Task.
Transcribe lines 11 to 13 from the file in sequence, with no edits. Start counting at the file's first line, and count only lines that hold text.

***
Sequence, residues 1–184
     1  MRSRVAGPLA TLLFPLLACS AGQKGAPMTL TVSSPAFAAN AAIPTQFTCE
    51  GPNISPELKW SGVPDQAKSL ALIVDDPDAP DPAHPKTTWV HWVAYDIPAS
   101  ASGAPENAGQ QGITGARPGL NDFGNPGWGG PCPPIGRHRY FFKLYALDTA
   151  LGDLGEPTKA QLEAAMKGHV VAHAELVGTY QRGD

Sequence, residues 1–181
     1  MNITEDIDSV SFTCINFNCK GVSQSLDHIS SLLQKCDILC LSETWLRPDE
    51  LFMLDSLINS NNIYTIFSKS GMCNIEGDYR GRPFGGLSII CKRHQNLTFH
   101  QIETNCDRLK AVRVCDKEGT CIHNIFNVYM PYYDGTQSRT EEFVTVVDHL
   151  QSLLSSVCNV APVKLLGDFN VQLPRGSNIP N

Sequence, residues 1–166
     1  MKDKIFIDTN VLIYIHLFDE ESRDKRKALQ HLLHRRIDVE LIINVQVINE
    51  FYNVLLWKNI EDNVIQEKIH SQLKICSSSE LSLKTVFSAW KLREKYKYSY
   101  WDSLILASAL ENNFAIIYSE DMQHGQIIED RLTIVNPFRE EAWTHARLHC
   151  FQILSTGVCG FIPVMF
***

Sequence, residues 1–166
     1  MKDKIFIDTN VLIYIHLFDE ESRDKRKALQ HLLHRRIDVE LIINVQVINE
    51  FYNVLLWKNI EDNVIQEKIH SQLKICSSSE LSLKTVFSAW KLREKYKYSY